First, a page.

It is the sliding or displacement of one vertebra in comparison with another.
The word spondylolisthesis derives from two parts, spondylos which means backbone and listesis which means slip.
Spondylolisthesis usually occurs towards the base of the spine in the lumbar area. It is a condition of the spine by which one of the vertebrae slides forward or backward relative to the next vertebra.
The forward gliding of an upper vertebra in a lower vertebra is known as anterolisthesis, while the backward recoil is known as retrolisthesis.
Spondylolisthesis can cause a deformity of the spine, as well as a narrowing of the spinal canal (central spinal stenosis) or compression of the leaving nerve roots (foraminal stenosis).
Spondylolisthesis is more common in the lower back (lumbar spine), but it can also occur in the upper-middle part of the back (thoracic spine) and in the neck (cervical spine).
It becomes more apparent in people who are involved in very physical activities such as lifting weights, gymnastics or soccer.
Men are more likely than women to develop symptoms from the disorder, mainly because they participate in more physical activities.
Although some children under the age of five may be predisposed to having a spondylolisthesis, or may already have an undetected spondylolisthesis, it is rare for these young children to be diagnosed with spondylolisthesis.
Spondylolisthesis becomes more common among children aged 7-10 years. The increase in physical activities of adolescence and adulthood, together with the erosion of daily life, result in spondylolisthesis being more common among adolescents and adults.
Spondylolisthesis was first described in 1782 by the Belgian obstetrician Herbinaux.
It is often defined in the literature as displacement in any direction.
However, medical dictionaries generally define spondylolisthesis specifically as the forward or anterior displacement of a vertebra over the inferior vertebra (or sacrum).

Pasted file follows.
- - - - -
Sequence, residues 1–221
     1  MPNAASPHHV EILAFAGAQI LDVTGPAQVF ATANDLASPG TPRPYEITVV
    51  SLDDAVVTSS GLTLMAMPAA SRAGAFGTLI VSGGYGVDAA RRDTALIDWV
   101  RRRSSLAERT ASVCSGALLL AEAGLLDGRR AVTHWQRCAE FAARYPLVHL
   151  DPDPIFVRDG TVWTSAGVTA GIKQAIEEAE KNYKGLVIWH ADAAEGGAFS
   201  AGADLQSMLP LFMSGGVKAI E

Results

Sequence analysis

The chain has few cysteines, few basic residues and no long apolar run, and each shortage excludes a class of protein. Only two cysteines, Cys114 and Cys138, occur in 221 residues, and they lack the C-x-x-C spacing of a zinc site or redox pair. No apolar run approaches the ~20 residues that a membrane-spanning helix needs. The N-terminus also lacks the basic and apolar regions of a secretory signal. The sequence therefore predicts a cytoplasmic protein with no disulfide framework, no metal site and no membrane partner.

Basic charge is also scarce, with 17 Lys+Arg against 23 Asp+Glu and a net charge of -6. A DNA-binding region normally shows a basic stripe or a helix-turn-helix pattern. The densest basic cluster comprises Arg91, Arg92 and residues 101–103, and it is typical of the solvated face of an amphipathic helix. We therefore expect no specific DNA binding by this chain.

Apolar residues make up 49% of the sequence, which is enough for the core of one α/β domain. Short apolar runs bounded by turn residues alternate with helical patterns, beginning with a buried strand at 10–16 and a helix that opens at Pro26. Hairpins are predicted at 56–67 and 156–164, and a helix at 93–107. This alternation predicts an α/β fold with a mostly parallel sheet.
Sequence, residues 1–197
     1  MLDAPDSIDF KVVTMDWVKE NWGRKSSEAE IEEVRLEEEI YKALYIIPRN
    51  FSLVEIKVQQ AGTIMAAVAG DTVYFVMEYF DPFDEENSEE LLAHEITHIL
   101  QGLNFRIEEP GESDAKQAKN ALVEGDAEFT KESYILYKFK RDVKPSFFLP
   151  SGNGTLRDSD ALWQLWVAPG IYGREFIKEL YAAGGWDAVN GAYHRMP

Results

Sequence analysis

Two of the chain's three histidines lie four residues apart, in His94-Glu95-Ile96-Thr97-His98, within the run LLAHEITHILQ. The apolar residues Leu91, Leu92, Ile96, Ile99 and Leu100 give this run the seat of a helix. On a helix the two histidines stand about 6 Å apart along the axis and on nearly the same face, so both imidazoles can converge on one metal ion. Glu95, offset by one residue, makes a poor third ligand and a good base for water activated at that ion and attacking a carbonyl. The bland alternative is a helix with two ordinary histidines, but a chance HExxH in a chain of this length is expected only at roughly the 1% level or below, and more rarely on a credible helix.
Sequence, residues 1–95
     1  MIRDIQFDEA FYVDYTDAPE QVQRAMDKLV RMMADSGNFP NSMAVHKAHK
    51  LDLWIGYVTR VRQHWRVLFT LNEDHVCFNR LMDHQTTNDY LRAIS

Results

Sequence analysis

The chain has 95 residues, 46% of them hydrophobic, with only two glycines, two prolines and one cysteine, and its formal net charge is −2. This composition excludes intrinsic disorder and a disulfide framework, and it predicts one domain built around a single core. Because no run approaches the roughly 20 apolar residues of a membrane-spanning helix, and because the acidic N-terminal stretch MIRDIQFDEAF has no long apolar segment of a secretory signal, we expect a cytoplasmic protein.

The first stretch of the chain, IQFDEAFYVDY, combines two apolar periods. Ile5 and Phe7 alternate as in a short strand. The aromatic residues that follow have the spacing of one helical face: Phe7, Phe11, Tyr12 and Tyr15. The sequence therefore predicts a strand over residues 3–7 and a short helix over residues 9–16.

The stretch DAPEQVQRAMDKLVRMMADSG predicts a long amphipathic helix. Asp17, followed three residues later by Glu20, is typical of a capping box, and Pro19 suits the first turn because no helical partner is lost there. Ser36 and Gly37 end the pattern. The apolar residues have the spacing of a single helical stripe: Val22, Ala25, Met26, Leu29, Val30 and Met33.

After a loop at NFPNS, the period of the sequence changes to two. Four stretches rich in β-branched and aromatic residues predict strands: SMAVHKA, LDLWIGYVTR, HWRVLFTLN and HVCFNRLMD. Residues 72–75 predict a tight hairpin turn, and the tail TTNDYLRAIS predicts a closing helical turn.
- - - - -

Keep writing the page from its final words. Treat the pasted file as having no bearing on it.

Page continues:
Olisthesis is a term that most explicitly denotes displacement in any direction.
The forward or anterior displacement can be specifically called anterolisthesis. Anterolisthesis commonly involves the fifth lumbar vertebra.
The backward movement is called retrolisthesis. Lateral displacement is called lateral listhesis or laterolisthesis.
A retrolistesis is a posterior displacement of a vertebral body with respect to the underlying vertebra to a lesser degree than a dislocation.
Retrolistesis is more easily diagnosed in lateral X-ray views of the spine. The views, where care has been taken to expose to obtain a true lateral view without rotation, offer the best diagnostic quality.
The retrolistesis is found mainly in the cervical spine and the lumbar region, but can also be seen in the thoracic area.
Classification of spondylolisthesis
It can be categorized by location and severity.
The location of the sterolistesis includes which vertebrae are involved and can also specify which parts of the vertebrae are affected.
Isthmic anterolisthesis : is where there is a defect in the pars interarticularis. It is the most common form of spondylolisthesis; also called spondylolitic spondylolisthesis, occurs with an informed prevalence of 5-7% in the US population. UU
A slip or fracture of the intravertebral joint is usually acquired between the ages of 6 and 16, but remains unnoticed until adulthood.
Approximately 90% of these isthmic slips are low grade (less than 50%) and 10% are high grade (slip greater than 50%). It is divided into three subtypes:
- A : fatigue fracture by pairs.
- B : elongation of pairs due to multiple effects of cured stress.
- C : acute split of pars.
Slip severity is usually measured after taking a lateral vision radiograph, and then classified on a scale of 1 to 5. Sliding is measured from the amount by which the upper vertebral body slides forward over the body Lower vertebral:
- Grade I : is a glide of up to 0-25%.
- Grade II : is between 25-50%.
- Grade III : is between 50-75%.
- Grade IV : it is between 75-100%.
- Grade V : greater than 100% or spondyloptosis, occurs when the vertebra has completely fallen off the next vertebra.
What are the symptoms?
Low back pain is the most common symptom of spondylolisthesis. This often gets worse after exercise, especially with extension of the lumbar spine.
Other symptoms include hamstring stiffness and stiffness and decreased range of motion of the lower back. Pain in the legs, thighs and buttocks can get worse when standing up.
Some patients may develop pain, numbness, tingling or weakness in the legs due to nerve compression.